Full-frontal assault from credit card firms
A 43-year-old homemaker was annoyed recently when she received a renewed card from Hyundai Card despite having one month remaining on her existing card, which she had planned to let expire as she cleaned up her finances and debt.
“[Hyundai Card] not only renewed it without my approval, they also demanded later that I give them my personal details over the phone in order to cancel it,” the housewife said. “That is unacceptable.”
Han’s case is not an isolated one.
A 41-year-old office worker surnamed Park said he has been hounded by Hana SK Card to take out fresh loans recently as the company knew he took out a 1 million won ($880) loan in the past and paid it back on time.
He said he informed them that he didn’t require any further cash and that the 20 percent interest rate they were demanding was too high. However, the caller went into hard-sell mode, telling him he had better take advantage of the offer immediately as the government was cracking down on new lending. Finally, the caller said the company would reduce the interest rate if he agreed to the loan there and then.
Despite the government’s effort to tame rising household debt, credit card companies seem to be moving more aggressively to increase their customer bases and borrowing through reckless marketing practices.
According to Bank of Korea, Koreans owned a total of 116 million credit cards at the end of June. This is creeping closer to the 148 million that were in use in 2002, when the country suffered a credit card delinquency crisis resulting from overly liberal issuances by companies that led to a thorough restructuring of the industry.
Competition in the industry has again become fearsome in recent months, especially through phone marketing, as the economic slump has taken its toll on credit card companies’ margins and revenue.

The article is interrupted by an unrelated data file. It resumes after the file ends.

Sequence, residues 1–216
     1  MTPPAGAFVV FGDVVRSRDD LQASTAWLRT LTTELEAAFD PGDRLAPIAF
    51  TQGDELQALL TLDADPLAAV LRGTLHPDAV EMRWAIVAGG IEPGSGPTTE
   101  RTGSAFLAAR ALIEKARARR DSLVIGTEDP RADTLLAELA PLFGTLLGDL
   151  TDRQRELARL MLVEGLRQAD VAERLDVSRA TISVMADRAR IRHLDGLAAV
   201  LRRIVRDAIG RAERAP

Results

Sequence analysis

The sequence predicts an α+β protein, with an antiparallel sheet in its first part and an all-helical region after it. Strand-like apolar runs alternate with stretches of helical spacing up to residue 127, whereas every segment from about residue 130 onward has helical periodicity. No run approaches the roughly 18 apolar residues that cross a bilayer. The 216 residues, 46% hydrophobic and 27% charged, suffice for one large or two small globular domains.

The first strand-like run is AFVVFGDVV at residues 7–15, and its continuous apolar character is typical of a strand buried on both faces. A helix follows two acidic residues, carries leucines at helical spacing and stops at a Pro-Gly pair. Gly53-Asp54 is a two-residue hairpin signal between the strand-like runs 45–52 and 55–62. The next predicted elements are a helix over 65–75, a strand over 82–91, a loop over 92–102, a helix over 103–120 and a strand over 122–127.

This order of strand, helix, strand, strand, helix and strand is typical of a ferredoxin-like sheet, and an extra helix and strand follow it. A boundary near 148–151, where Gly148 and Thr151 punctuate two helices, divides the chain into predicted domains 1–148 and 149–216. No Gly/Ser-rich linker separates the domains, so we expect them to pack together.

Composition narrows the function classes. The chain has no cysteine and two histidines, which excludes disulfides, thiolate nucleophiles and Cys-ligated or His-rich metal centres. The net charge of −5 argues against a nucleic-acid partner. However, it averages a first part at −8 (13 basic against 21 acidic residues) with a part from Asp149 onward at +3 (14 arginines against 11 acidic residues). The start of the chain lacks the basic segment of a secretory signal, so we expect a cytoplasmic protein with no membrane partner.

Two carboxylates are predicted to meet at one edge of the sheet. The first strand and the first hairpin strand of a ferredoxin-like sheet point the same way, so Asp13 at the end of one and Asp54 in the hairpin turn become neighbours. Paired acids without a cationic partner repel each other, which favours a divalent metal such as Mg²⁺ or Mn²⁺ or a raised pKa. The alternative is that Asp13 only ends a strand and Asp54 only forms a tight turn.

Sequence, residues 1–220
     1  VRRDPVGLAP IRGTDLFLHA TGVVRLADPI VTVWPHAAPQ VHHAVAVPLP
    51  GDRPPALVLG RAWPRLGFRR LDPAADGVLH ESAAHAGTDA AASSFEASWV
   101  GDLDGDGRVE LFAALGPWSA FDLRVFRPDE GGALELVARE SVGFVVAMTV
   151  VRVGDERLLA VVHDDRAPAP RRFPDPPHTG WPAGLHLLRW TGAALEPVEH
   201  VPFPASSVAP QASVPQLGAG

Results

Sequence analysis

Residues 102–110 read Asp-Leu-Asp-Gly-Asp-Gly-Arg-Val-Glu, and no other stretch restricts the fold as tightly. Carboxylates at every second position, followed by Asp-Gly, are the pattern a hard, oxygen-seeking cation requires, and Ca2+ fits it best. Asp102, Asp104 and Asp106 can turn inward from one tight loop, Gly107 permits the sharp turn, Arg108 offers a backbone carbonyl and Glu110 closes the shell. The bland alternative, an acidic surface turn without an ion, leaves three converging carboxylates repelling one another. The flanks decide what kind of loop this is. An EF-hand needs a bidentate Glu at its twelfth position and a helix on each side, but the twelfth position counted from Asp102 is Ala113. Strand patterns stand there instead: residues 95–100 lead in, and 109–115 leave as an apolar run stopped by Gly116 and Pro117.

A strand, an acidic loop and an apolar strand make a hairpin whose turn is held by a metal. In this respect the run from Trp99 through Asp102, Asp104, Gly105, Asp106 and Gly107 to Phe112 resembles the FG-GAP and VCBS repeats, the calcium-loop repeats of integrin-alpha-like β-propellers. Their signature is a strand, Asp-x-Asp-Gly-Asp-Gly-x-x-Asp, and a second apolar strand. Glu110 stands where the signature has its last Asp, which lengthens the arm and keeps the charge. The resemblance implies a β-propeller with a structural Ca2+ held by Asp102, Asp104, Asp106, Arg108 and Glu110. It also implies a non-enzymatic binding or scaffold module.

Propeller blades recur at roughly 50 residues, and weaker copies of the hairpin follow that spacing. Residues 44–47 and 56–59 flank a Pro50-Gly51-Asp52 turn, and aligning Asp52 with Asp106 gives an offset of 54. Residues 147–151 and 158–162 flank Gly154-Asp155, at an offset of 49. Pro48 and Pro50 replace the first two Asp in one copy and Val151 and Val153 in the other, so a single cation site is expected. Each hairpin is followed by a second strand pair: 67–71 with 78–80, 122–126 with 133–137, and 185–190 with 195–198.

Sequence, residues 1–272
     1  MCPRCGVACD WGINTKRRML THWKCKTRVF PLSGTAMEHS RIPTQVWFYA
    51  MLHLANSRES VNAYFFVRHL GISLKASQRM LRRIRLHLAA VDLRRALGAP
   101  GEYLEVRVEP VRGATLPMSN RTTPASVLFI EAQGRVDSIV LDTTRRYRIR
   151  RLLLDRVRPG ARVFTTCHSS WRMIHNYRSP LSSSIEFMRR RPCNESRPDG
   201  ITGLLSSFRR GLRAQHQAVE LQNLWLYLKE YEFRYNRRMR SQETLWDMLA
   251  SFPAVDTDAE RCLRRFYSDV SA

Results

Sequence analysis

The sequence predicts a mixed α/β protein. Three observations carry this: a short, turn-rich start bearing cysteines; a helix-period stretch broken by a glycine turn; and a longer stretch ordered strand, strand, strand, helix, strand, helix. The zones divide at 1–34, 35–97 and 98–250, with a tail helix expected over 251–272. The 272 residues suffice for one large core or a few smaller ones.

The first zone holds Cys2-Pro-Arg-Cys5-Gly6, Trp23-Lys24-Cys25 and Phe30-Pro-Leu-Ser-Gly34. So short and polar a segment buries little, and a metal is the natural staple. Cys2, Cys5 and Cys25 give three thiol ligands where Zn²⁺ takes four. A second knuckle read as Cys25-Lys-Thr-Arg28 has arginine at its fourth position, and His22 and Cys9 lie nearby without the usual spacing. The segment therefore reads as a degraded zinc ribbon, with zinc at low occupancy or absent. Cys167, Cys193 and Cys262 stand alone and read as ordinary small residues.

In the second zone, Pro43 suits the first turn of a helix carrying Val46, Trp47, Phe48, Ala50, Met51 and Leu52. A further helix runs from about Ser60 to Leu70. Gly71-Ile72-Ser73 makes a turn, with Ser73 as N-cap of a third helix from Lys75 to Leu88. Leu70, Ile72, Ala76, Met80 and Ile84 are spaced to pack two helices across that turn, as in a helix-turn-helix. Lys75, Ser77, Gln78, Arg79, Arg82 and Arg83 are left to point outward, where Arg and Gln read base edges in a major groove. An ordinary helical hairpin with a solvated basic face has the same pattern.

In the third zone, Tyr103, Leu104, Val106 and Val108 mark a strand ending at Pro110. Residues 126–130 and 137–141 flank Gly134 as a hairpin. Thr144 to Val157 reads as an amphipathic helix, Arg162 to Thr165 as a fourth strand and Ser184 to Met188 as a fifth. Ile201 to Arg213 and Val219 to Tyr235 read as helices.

In the first quarter of this year, the six domestic companies that specialize in credit cards suffered a combined loss of 125.6 billion won, while their operating costs rose 10 percent on-year to 223.5 billion won.
“We are continuing our marketing efforts, as our profits shrank significantly after we were forced to lower the commission rates we charge small restaurants and private businesses [in line with a government mandate],” said an employee at one of the firms.
“We are ramping up our marketing by phone as the financial regulator may from this month restrict new credit card issuances.”
Meanwhile, the share of overdue credit card loan repayments climbed to 2.09 percent in March, the first time is has edged past 2 percent since 2009.
“More lower-income households is living beyond their means by relying on their credit cards just to get by as the economy is struggling,” said Ahn Soon-kwon, a researcher at the Korea Economic Research Institute. “Taking stock of those customers considered high-risk, who threaten their profitability, is more important right now than recklessly expanding their marketing efforts.”
By Wie Moon-hee [firstname.lastname@example.org]
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